Honor and Sacrifice in the U.S. Military: corporate profit off of military conflict cheapens both.

It is understood that bleeding (and certainly dying) for one’s country brings honor to the dead or wounded. Any individual willing to suffer the pains of death for the good of the whole surely embodies the great virtue of altruistic selflessness. Death (or injury) for the cause of life (and freedom) deserves ultimate respect from the nation. In the event of war or military conflict, regardless of the cause, whether just or unjust, we honor the fallen for the sacrifice they made. The rest of us, we hope, appreciate the meaning which sacrifice has for the status quo of our own comfort and safety. But what happens when the status quo comes not as the blessed result of supposedly necessary military engagements, but instead as the very driver of armed conflict?

Usually, we assume the work of soldiers as being the protection of our “freedoms” while serving in their tour of duty. By combating terrorism or engaging in subversive operations that threaten perceived enemies, troops work under the auspices of liberty and the institutional honor of the executive branch to keep us safe and secure. We easily forget that soldiers, however valorous, do not act in isolation. Troops work for an industrial complex called the military that has enfolded into its very operational structure economic incentives and business relationships with large, multinational corporations.

The military relies on private contractors to build infrastructure and producing military hardware. When the armed forces go off on missions, corporations benefit, often handsomely, from the sale of equipment, weapons, new technology, intelligence, etc. The military industrial complex itself acts to ensure that trade routes and supplies in the commodity chain (principally oil) are open and unobstructed for the exploitation of corporate business. So, when soldiers get deployed, they are doing more than the mere service of protecting American ideals and ensuring national security, they are fighting more directly for business interests. The interests of the citizenry are ultimately indirect or sometimes incidental objectives.

The main beneficiaries of military engagements are, to no surprise, the corporations that stand to gain immense new capital off of the enterprise of war. War is business. In the words of the deceased, Smedley Butler, highly-decorated Major General of the Marine Corps, “War is a racket” (Butler, 1935). War conspires for the benefit of corporate elites for whom the U.S. military acts as a publicly funded cartel to ensure business continues on as usual . Corporations not only benefit from war, they also wield considerable lobbying power in the upper echelons of the United States government, influencing U.S. foreign policy and the direction of foreign trade policy–not to mention U.S. military objectives. The gains of the corporate state from conflict highlight a problematic dimension to the sacrifices made by individual military personnel.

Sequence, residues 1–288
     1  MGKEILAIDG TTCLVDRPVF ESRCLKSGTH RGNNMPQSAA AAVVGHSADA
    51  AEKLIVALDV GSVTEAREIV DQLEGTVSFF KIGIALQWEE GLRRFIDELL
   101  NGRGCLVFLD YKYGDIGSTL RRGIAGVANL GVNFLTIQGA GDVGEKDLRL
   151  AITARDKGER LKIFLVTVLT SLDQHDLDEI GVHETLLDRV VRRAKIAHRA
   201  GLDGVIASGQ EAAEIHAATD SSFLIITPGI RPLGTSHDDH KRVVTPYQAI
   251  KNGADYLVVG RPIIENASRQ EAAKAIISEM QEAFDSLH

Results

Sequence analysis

The rudeness of the corporate-military industrial complex is hard to miss. Soldiers put everything on the line to serve their country (ostensibly out of patriotism, but not always so), in order to protect the status quo of comfort and security for the nation. On the other hand, the corporate-military industrial complex drives an agenda of aggressive, hawkish foreign policy–using the bodies of trained men and women as the major factor of war production–in order to ensure dominance by purposefully engaging in aggressive military encounters. The winners are the executive officers, corporate managers, and establishment elites. The losers are the men and women in uniform who return home deformed, psychologically broken, or dead.

Considering the economic bonanza which ripens in the throes of military conflict, the human sacrifices of military AND civilian casualties become necessary pieces in the maintenance of the status quo. No war, no profit. No conflict, no new technologies or experimental designs to test. As a result, corporate power and the infestation of greed infecting elite boardroom arbitrations mock and cheapen the bloodletting of each individual soldier and civilian casualty. Casualties are a structural necessity for the status quo. And the planners, schemers, capitalists hiding behind their mountains of profit reaped from the blood of such human sacrifices carry on unscathed. Elites enjoy the proliferation of new assets and stock dividends, while the fighters and their families along with the victims and their families are drained of spirit and welfare, fermenting their grief and suffering.

Butler, M. G. S. D. (1935, October). America’s armed forces. In Common Sense (Vol. 4, pp. 8-12). Available at: https://msuweb.montclair.edu/~furrg/Vietnam/butler.pdf


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